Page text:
I rather like the Bechdel test, a blunt but enduring tool used in feminist film criticism and analysis for 30 years to check for the representation of women on screen. To pass, a film must contain two female characters (preferably named), who must talk to each other about something other than men. It’s also a very useful tool to look at stage plays.
Of course things have changed and we are moving forward. The gate-keepers are changing, with more and more female artistic directors being appointed at major theatre companies: Indhu Rubasingham at the Tricycle, Vicky Featherstone at the Royal Court, Josie Rourke at the Donmar, Sarah Frankcom at Manchester Royal Exchange, Gemma Bodinetz at Liverpool Everyman and Roxana Silbert at Birmingham Rep, to name but a few. All are outstanding directors with a real vision for their theatres and the work they put on.
But, as I said before, theatre reflects our patriarchal society and whilst we have another female Prime Minister, it would be a real stretch to say this is a victory for feminism. Look at how many female politicians there are, how many chief executives of ftse100 companies, how many heads of government bodies, banks, prisons, police forces or hospitals. Women in positions of power still stand out and are still too often judged based on their gender, mistrusted, ridiculed or objectified. Let’s not forget the recent misogyny of the elections in the us. Clearly we can never take progress for granted!
Having worked with Emma Rice, the artistic director at the Globe, very recently, where I was the dramaturg on her version of A Midsummer Night’s Dream, I saw first hand how much pressure artistic directors are placed under. She has recently decided to leave the Globe, thankfully eighteen months from now, but after just six months in the job. Why? Because she wasn’t supported in her extraordinary work by the Globe’s board – even though her productions broke box-office records and aimed for more diversity and gender parity than ever before. I can’t help feeling that Rice was particularly badly treated because she is a woman. The hasty justifications around ‘shared lighting’ cannot hide a stench of misogyny coming from the Globe’s board which I find hard to ignore.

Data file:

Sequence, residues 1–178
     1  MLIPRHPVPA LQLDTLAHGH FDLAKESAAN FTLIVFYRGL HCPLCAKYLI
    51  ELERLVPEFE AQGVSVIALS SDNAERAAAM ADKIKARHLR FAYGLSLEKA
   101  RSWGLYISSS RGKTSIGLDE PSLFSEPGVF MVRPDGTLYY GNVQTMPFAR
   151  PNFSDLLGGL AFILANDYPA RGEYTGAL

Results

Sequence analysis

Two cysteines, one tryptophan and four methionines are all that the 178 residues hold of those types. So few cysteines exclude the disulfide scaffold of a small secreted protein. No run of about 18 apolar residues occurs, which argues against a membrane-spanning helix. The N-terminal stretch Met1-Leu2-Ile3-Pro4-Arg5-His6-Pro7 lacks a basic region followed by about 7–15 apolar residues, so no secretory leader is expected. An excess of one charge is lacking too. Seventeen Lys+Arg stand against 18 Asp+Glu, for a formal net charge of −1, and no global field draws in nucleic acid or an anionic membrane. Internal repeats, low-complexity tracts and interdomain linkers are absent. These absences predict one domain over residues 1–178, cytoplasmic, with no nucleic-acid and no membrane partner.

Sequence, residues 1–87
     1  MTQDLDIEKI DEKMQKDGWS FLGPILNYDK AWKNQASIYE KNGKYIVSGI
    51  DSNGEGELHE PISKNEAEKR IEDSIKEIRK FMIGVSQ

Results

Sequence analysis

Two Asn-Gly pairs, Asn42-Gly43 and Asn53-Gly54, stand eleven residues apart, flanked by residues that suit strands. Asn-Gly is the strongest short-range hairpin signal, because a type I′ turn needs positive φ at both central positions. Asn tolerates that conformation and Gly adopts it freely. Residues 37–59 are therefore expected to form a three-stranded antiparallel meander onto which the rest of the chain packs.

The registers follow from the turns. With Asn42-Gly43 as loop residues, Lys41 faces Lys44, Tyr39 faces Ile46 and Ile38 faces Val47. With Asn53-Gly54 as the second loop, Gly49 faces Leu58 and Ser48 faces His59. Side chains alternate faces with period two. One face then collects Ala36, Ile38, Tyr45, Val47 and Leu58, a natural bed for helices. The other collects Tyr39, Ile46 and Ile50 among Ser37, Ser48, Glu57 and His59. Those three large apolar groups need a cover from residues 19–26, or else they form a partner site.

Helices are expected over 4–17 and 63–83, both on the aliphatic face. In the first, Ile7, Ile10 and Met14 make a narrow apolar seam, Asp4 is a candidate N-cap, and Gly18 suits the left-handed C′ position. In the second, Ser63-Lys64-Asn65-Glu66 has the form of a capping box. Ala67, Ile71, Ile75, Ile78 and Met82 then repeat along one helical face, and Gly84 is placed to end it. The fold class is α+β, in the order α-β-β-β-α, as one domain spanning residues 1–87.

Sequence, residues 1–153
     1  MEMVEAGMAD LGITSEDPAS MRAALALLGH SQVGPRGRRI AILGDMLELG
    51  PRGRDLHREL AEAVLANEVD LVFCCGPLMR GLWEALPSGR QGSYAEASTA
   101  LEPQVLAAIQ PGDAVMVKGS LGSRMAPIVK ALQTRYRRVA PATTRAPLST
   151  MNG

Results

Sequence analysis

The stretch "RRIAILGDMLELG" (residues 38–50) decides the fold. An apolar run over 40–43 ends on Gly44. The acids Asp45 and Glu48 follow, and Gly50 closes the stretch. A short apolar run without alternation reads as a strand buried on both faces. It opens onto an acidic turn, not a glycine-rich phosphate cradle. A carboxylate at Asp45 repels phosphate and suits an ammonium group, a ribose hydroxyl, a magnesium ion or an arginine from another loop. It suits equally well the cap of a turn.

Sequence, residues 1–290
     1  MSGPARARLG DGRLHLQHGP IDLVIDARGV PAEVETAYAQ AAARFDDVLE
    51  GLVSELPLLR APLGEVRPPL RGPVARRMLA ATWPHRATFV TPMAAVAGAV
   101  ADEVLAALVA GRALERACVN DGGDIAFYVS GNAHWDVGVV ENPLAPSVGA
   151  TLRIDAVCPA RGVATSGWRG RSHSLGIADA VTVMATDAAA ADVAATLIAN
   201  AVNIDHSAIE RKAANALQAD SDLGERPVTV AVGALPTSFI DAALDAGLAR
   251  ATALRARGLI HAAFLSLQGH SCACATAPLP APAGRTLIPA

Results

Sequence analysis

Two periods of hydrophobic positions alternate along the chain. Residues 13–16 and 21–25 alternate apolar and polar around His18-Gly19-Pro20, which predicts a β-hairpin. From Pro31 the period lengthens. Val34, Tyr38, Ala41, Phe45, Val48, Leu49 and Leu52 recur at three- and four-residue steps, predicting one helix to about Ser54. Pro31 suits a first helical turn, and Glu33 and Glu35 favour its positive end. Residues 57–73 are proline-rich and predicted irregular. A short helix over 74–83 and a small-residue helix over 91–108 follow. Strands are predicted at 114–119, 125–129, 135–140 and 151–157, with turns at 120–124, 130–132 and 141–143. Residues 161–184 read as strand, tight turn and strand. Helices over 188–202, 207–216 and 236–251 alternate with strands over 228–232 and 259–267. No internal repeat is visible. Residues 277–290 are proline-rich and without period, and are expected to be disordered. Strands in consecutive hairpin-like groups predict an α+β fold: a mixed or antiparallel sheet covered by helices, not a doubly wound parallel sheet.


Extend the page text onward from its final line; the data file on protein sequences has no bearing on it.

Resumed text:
Asked by an audience member at a recent talk for Tonic Theatre whether she thought loud and opinionated women attracted more criticism, Rice said: ‘I don’t think I am loud. I think I have led an incredibly private life. What do you mean opinionated and loud? I’m not, I’m doing my job. And I’m doing it really well. And I’ve worked really hard. I haven’t been fast-tracked, I’m nearly 50. I’ve spent my life making work that’s incredibly complex, in a way that’s very complex as well – in a traditionally female way. It’s collaborative and surprising and unafraid. So I don’t think I’m either of those things.’ Rice also questioned whether being loud was a criticism that would be levelled against a male director.
So, yes, there’s still a long way to go to achieve genuine gender equality in theatre. But it’s important to look back and see how far we’ve travelled and this should be a source of hope for the future. As a playwright, I want to write good parts for men and women, black and white, able bodied and disabled, but ultimately I want to be free to tell good, dramatic stories which are universal in their appeal, regardless of my sex.
Tanika Gupta is a prize-winning playwright and RSL Fellow.